Daniel Clowes has long been established as one of the darlings of independent comics, and as such, I’ve always been a fan. His third stab at adapting his own work for the screen (following Ghost World and Art School Confidential, both directed by the great Terry Zwigoff) unfortunately fails to capture the appeal of his distinctive print oeuvre. If the Clowesian voice is evident in his script for Wilson, what’s lacking is the hard-edged, sardonic wit that has characterized his work in comics. While the film falls short of capturing the black humor of its source material, it’s not without its charms — most of which stem from its phenomenal cast.
And that cast is certainly something to write home about — Laura Dern, Margo Martindale, Judy Greer and Cheryl Hines supporting Woody Harrelson in the lead. It’s hard to imagine a collection of performers more uniquely suited to bringing Clowes’ vision to the screen. The problem is, with the exception of Harrelson, the ensemble is underutilized at every turn. Martindale’s two brief scenes function as little more than an aside, Hines’ character is narratively crucial but really only carries one notable exchange, and the incomparable Dern is relegated to playing a relative straight-woman next to Harrelson’s anarchic scene-stealing. It all amounts to a tragic squandering of remarkably proficient comedic players in favor of foregrounding the film’s central performance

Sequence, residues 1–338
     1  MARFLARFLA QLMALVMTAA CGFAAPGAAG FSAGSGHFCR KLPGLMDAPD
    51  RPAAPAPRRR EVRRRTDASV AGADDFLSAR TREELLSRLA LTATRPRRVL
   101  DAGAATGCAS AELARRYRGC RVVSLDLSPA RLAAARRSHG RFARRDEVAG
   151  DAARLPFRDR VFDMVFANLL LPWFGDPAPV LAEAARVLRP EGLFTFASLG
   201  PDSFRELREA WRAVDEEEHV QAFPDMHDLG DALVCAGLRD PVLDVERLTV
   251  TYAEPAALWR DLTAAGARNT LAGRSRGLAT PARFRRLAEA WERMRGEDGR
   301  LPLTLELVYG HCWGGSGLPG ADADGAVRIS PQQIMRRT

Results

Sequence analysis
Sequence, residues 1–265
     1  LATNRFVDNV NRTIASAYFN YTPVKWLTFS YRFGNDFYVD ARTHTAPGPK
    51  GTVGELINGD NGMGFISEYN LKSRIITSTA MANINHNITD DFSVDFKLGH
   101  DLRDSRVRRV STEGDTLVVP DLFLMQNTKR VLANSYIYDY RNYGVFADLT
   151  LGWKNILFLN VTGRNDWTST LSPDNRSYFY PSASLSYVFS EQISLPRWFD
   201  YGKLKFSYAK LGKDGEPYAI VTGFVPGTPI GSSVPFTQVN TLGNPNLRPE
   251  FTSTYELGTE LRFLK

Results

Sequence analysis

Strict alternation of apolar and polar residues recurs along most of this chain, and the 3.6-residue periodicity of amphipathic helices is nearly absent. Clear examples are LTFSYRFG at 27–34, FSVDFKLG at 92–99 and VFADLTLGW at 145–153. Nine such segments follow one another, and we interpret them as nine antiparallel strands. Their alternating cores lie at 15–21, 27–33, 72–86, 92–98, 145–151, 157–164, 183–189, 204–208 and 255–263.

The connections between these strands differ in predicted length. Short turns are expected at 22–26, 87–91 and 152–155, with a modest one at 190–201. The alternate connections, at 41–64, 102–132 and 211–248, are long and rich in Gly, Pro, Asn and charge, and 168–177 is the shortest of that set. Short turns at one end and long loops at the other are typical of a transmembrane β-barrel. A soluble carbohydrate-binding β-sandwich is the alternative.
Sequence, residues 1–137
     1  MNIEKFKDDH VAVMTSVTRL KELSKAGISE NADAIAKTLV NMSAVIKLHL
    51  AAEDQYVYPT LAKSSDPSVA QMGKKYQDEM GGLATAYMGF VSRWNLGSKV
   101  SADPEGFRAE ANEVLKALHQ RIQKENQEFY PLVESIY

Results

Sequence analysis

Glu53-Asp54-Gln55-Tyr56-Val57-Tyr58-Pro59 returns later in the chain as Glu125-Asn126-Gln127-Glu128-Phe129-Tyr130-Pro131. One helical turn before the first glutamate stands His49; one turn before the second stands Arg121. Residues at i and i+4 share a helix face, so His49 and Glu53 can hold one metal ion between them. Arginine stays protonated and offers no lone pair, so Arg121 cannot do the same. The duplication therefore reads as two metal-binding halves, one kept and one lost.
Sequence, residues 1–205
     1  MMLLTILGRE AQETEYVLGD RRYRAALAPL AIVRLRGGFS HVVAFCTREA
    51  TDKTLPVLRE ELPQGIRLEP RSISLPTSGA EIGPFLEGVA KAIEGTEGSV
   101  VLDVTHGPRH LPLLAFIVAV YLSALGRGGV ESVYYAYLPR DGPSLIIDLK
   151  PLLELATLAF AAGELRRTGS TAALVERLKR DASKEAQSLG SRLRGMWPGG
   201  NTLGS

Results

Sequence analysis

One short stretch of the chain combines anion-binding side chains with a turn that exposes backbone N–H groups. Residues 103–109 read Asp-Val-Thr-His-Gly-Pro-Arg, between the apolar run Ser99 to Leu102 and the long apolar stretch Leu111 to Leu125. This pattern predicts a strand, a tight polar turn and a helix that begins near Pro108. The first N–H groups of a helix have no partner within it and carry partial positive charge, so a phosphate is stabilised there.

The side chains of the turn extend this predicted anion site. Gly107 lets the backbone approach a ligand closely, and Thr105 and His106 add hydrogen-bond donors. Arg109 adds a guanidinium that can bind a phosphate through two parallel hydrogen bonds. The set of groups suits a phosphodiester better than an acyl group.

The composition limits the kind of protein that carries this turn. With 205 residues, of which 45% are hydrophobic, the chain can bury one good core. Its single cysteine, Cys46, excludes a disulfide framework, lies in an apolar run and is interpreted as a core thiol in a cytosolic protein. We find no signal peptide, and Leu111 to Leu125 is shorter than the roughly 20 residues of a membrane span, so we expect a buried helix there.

Harrelson is undeniably outstanding as the eponymous Wilson, a middle-age curmudgeon utterly lacking in social graces — the kind of guy who persistently insists that strangers drop what they’re doing to engage in unsolicited conversation, only to insult them openly before bemoaning his inability to sustain relationships. Dern plays Wilson’s ex-wife Pippi, a recovering addict who fled her floundering marriage and gave up the couple’s infant daughter for adoption. When a midlife crisis drives Wilson to reunite with his ex and seek out their now high-school-age daughter, hijinks necessarily ensue — and they’re pretty funny, up to a point.
Wilson struggles under the direction of Craig Johnson (The Skeleton Twins), who proves incapable of balancing the acerbic tone of Clowes’ script with his own proclivities for cloying indie dramedy. An early scene references Vittorio De Sica’s Italian Neorealist classic Umberto D, one of the most depressing films ever made — and Wilson suffers by comparison, leaving me to wonder if Johnson has ever seen the film in question. The dissonant effect produced by Johnson’s workmanlike sensibilities clashes with his protagonist’s characterization, as does Harrelson’s innate charm. I can’t help but wonder how much better this film would have been had it been placed in the hands of a Zwigoff or a Todd Solondz, someone capable of effectively extracting Harrelson’s inner jerk.
The concept of an unlikable protagonist is certainly nothing new, and recent examples such as the exemplary A Man Called Ove handled the subject more effectively while films like The Sense of an Ending fared far worse. Where Wilson falls shortest is in diminishing the nascent nihilism of its source material, unnecessarily diluting the impact of its biting social commentary — presumably in the hopes of placating a broader audience, a tactic unlikely to bear fruit when it comes to a film of this nature. Clowes is on solid narrative and comedic footing until the stakes are raised in the third act, leading to a story climax that is disappointingly noncathartic. It’s a film with great moments that never quite becomes a great film, a particularly unfortunate outcome considering the capabilities of its cast and writer. Rated R for language throughout and some sexuality.
Now Playing at Carmike 10, Carolina Cinemark.